KARACHI: The newly-appointed transport minister, Owais Qadir Shah, has granted a week’s time to ride-hailing services, Uber and Careem, to regularise their operations, failing which the services would be banned in the province.
The move comes days after a woman jumped out of a speeding cab registered with one of the ride-hailing services, later accusing the driver of harassment. The driver, who was arrested and subsequently released on bail, denied the charges.
In his maiden meeting with officials of the transport department on Monday, Shah warned that the ride-hailing services would no longer be permitted to operate in the province if they failed to register with the government and obtain route permits for their vehicles.
“We will take action and shut these services if permission is not obtained from the provincial government under the Motor Vehicle Ordinance, 1965,” said the minister.
Shah directed the transport officials to convey his directives to the companies, adding that they were also considering shutting down the online motorcycle taxi services being offered by Bykea and Careem. “No one has requested us for permission. In case of any untoward incident, the Sindh government will be held responsible, so we must take concrete measures to close this motorcycle service,” he said, adding that the cab services rake in huge profits and avoid paying taxes to the government.
This is not the first time the Sindh government has woken up to the need for these ride-hailing companies to register their services. In February 2017, the then transport minister, Syed Nasir Hussain Shah, had even ordered to ban the services, before revoking the orders in the wake of strong backlash from citizens. “The government has no intention to ban Careem and Uber, but we want to regulate them,” Nasir had remarked.
At the same time, the Sindh government had also announced to approach the Pakistan Telecommunication Authority to block the apps of the online cab services.
Later, a petition was also filed in the Sindh High Court (SHC), seeking direction to curb the “illegal operation” of Careem and Uber. The petitioner, Ahsan Puri, alleged that the foreign-originated companies were conducting operations in Pakistan through the internet and mobile phone applications without proper registration.
The companies, Puri claimed, were violating provisions of the Sindh Motor Vehicle Tax Act, 1958, the Motor Vehicle Rules, 1959, and the Motor Vehicle Ordinance, 1965, which specifically provide that no non-commercial vehicle could be used for commercial purposes.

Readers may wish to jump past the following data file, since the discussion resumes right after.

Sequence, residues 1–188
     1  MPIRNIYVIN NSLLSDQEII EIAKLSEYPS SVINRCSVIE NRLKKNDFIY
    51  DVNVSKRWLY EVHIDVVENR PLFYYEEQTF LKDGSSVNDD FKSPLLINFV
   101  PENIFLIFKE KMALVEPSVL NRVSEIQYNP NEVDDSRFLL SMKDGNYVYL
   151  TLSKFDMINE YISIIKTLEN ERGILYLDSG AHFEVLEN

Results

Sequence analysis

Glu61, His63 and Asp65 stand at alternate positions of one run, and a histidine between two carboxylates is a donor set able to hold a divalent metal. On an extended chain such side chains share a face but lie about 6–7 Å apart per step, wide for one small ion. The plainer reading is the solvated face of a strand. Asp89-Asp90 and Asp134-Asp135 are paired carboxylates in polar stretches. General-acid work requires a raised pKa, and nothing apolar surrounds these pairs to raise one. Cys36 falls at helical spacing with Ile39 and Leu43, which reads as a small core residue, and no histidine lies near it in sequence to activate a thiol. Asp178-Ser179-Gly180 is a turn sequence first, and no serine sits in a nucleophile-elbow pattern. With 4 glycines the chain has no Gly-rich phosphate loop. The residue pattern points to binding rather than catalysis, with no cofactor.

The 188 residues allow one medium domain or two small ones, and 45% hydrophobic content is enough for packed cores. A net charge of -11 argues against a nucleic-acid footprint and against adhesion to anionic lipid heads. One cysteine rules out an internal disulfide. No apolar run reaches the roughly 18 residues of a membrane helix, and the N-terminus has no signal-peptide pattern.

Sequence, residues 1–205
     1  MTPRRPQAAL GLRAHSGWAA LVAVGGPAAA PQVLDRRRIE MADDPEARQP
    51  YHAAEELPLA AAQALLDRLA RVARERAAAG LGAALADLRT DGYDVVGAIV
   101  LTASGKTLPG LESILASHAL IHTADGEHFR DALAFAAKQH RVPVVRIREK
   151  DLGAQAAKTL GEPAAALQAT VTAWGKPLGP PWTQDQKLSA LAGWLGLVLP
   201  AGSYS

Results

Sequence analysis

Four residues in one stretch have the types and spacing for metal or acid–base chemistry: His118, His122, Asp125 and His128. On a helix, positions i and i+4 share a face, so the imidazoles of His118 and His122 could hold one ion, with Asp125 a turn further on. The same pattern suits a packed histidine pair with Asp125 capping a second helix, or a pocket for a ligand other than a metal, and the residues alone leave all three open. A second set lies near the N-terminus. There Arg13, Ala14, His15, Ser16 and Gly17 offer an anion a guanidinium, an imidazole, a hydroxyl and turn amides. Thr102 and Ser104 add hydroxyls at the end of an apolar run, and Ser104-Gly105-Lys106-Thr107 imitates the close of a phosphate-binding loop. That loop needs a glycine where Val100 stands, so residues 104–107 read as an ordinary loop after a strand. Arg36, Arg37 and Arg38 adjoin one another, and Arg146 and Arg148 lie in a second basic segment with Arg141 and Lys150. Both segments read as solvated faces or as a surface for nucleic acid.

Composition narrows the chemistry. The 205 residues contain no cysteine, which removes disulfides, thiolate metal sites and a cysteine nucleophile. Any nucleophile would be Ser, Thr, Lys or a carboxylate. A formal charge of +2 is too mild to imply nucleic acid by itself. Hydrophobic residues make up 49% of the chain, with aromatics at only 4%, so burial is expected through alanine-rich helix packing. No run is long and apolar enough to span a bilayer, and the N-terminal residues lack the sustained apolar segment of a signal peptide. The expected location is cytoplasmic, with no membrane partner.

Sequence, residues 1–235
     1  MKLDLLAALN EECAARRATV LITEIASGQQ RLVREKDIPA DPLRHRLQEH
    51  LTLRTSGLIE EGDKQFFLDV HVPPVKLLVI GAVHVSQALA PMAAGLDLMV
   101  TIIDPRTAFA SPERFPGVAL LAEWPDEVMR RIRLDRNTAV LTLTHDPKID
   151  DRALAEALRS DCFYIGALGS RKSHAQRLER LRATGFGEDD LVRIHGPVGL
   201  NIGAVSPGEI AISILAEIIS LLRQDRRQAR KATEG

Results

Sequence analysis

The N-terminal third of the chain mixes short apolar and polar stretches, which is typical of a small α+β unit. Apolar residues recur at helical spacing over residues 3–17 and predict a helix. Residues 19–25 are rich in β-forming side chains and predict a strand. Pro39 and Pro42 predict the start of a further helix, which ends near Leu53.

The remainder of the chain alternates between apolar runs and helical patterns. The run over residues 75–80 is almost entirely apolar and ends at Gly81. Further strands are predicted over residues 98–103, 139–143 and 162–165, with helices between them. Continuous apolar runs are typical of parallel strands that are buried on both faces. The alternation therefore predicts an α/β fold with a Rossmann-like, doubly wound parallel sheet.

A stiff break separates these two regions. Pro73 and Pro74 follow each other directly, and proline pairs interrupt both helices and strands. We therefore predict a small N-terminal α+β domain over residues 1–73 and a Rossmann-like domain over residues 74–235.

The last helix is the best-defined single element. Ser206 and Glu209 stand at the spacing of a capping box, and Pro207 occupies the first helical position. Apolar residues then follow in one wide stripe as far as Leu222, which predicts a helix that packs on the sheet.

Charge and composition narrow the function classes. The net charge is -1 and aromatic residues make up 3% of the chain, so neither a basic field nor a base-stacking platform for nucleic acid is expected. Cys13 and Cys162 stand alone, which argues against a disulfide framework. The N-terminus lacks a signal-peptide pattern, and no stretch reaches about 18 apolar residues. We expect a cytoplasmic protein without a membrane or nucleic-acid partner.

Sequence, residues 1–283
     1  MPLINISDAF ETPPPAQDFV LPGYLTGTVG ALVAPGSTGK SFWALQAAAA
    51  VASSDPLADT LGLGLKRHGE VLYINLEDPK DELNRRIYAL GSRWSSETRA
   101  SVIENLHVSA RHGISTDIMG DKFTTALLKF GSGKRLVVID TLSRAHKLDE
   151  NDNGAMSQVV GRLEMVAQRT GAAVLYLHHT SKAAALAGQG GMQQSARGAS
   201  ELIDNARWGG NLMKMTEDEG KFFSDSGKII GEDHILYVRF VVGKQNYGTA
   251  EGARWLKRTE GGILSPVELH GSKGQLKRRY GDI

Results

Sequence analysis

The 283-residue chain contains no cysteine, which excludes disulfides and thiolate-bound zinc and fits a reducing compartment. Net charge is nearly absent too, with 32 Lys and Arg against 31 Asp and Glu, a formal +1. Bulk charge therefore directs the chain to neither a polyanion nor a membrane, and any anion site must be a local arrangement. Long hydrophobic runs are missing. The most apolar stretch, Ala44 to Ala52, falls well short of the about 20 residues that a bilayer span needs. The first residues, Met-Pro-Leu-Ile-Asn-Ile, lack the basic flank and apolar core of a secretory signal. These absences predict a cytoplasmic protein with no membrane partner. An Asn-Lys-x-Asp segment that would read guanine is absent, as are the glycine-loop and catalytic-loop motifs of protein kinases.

In April 2017, SHC asked the provincial authorities and the ride-hailing services to come up with a mechanism to regulate the vehicles. The court was later informed that the provincial transport department, Careem and Uber had reached an agreement, under which their vehicles would be registered for commercial use and permits issued under the Motor Vehicles Ordinance, 1965.
In the absence of a sound public transport system, the ride-hailing services were hailed as a welcome relief by the urban middle classes of the city when they were launched in 2016. The online services were a cheaper and more efficient alternative to the rickshaws and taxis that charged exorbitant fares and often did not meet safety standards.
On Monday, Uber responded to the minister’s warning with a sweetly-worded statement released to the media. “Sindh Government has been supportive of disruptive technologies in recent years and we appreciate the role they have played in providing masses a more convenient and affordable mode of transport along with creating numerous economic opportunities,” the statement read. “We are looking forward to working with the Sindh government to address their concerns,” it added.
Ban on CNG kits
During the meeting on Monday, Owais also took strong exception to the CNG kits installed in passenger and school buses and vans and asked the transport department officials to compile a report on their status and submit the same to him within a a week. “Since 2015, there has been ban on CNG kits in school vans and passenger buses. Why you have failed to take action against them?” he questioned the officials.
The minister was also informed about encroachments on land belonging to the transport department, including depots and bus stands. “I will speak to the police and other officials and will evacuate the public property from the encroachers,” he said, besides directing the transport secretary to start a crackdown against buses running without route permits. The issues of Green Lines and Orange Line Bus Rapid Transit projects also came under discussion.